Estate Administration

A HIPAA Waiver: Do I Need One?

It has happened to all of us. You make a visit to the doctor’s office and while checking in, the receptionist asks you to read and sign something about HIPAA. HIPAA? You came in for fever and a sore throat, your hip feels just fine, thank you very much. So what is the receptionist talking about? HIPAA stands for the Health Insurance Portability and Accountability Act of 1996.

Your Buy-Sell Might Be Great If You Die, But What Happens If You Live?

In the previous issue of this newsletter, we looked at what happens to a company when one owner becomes disabled. In our example, the company had a buy-sell agreement that covered the death of an owner, but failed to adequately address the cash flow implications of a lifetime event (divorce, disability, bankruptcy or retirement of a shareholder).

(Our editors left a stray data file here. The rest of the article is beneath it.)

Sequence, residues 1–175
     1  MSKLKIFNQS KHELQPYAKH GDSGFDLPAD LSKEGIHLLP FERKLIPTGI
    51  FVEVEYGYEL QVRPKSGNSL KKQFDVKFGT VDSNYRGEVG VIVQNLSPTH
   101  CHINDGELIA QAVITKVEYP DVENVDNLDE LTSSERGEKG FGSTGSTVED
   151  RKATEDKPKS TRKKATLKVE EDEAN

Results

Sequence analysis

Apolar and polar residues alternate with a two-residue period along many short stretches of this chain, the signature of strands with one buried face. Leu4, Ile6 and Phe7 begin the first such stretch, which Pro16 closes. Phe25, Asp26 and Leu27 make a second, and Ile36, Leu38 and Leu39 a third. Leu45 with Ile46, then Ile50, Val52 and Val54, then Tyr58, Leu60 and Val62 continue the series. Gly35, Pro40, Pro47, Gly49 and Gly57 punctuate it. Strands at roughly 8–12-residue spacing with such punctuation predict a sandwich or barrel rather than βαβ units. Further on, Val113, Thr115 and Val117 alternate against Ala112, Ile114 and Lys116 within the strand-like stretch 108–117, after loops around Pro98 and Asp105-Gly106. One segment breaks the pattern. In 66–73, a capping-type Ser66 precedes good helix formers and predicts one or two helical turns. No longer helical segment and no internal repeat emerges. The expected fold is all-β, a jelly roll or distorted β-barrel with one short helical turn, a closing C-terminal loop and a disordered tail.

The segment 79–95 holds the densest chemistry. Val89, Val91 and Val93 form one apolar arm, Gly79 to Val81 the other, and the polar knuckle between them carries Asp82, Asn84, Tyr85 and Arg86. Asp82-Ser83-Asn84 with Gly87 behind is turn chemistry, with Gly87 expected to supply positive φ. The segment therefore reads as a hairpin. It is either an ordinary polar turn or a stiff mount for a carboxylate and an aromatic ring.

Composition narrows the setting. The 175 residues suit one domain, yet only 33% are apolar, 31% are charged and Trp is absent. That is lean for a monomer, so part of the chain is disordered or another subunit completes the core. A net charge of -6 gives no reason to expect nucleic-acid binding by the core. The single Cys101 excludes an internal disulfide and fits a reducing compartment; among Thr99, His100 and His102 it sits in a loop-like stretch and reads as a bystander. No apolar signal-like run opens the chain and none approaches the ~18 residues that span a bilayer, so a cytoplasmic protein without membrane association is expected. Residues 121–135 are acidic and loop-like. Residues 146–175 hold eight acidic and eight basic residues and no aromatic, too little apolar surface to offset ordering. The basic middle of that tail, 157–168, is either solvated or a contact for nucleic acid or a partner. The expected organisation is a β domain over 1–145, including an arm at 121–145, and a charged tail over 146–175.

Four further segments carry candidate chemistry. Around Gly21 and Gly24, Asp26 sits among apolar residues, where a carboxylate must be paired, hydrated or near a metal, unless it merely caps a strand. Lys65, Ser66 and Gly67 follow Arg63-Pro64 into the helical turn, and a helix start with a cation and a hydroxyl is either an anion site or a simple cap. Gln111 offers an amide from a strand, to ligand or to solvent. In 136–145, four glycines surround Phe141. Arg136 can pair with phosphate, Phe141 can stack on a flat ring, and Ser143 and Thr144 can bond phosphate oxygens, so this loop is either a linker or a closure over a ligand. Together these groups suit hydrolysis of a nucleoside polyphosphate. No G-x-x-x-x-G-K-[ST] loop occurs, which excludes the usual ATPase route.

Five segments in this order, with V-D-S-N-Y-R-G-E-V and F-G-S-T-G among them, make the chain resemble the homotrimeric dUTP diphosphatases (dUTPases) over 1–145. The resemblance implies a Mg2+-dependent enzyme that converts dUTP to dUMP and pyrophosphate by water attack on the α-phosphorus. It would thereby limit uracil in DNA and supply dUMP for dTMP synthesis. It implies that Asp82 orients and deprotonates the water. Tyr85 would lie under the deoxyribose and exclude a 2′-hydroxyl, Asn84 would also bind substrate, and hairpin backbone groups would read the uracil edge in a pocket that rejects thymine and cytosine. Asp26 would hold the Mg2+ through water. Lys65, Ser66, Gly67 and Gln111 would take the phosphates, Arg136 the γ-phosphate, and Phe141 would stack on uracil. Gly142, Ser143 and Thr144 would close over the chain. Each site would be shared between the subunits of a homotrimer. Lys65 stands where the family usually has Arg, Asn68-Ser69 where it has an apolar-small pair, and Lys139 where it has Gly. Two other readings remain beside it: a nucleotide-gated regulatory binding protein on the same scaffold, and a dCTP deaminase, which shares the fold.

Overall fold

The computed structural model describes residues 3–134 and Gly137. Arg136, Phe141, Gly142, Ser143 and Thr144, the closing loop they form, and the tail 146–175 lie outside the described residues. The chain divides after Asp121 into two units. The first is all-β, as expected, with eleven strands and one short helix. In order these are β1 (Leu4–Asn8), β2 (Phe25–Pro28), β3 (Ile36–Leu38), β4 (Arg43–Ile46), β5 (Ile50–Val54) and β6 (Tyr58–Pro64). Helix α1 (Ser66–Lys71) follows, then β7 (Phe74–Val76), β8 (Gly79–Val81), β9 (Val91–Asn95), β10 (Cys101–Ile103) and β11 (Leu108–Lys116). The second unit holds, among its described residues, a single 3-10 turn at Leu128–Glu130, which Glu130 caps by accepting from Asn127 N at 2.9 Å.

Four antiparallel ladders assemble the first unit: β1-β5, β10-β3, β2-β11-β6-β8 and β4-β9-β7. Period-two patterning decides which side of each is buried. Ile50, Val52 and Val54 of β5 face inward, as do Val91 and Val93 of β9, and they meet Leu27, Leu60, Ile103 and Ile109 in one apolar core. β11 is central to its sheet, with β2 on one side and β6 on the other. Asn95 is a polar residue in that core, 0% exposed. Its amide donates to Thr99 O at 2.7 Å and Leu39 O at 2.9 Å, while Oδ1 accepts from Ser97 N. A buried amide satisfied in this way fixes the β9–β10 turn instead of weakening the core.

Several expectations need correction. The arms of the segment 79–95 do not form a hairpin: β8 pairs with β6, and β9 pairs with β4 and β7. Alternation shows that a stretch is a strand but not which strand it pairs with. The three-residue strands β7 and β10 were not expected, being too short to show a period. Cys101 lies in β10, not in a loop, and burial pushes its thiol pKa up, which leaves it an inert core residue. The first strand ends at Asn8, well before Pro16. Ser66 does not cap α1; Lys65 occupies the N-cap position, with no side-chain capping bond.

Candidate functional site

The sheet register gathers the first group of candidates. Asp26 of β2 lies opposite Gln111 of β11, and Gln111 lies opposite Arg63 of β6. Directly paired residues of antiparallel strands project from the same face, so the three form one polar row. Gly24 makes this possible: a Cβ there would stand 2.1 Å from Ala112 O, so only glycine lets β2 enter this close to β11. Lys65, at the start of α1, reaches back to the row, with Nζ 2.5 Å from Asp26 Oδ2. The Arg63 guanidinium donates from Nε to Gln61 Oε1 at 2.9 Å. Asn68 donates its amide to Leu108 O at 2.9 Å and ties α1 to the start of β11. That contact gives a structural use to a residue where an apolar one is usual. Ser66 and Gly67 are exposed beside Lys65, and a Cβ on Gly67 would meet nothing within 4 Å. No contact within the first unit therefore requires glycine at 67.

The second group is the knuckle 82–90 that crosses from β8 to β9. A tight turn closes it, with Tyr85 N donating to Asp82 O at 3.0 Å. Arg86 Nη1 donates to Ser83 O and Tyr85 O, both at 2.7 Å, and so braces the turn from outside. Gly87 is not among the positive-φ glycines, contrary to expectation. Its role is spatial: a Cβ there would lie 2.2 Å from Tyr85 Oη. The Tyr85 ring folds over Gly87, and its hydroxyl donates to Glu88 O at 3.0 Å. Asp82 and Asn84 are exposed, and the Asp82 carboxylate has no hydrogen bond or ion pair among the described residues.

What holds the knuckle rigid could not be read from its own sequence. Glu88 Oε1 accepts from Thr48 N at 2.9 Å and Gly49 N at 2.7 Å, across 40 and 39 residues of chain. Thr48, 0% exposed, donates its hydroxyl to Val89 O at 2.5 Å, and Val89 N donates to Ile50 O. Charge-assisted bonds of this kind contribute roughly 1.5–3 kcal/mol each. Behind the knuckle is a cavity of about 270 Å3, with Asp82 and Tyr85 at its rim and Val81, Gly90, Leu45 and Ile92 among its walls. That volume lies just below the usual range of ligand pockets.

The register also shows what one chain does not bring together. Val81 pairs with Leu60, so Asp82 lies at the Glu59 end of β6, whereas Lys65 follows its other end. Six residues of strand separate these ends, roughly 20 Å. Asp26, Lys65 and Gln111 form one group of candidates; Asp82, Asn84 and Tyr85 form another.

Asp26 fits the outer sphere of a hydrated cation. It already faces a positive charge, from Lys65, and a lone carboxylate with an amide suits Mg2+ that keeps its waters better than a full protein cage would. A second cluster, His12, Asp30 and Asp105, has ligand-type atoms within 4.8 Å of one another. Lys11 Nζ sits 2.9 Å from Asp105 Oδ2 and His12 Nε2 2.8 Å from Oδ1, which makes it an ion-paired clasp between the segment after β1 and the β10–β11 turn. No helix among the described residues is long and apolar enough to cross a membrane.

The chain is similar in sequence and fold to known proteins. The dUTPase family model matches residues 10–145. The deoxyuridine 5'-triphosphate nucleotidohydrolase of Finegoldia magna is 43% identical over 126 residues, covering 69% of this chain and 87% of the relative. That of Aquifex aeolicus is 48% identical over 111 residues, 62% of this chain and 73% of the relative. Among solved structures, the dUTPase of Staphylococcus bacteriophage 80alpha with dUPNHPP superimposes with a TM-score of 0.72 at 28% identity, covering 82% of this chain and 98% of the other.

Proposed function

Few owners (or their advisors) give much thought or analysis to the likelihood of a lifetime transfer. Instead they focus all of their attention on dealing with the least likely event—an owner’s death. Yet, in our experience, lifetime transfers occur much more frequently, and when they do can cause huge problems.

Lifetime Buyout of a Co-Owner

When disability strikes an owner, the company will endure substantial hardships, both economic and operational. More importantly, in the absence of a buy-sell agreement, the disabled owner’s income stream from the company also may evaporate. This problem confronted Steve Hughes, one of three equal shareholders in a growing advertising agency.

At age 38, Steve suddenly had a stroke. As with many stroke victims, his recovery was incomplete. Physically, he was the picture of health (his golf game even improved!); but he totally lost his ability to speak and read. Doctors told Steve he would never be able to return to work.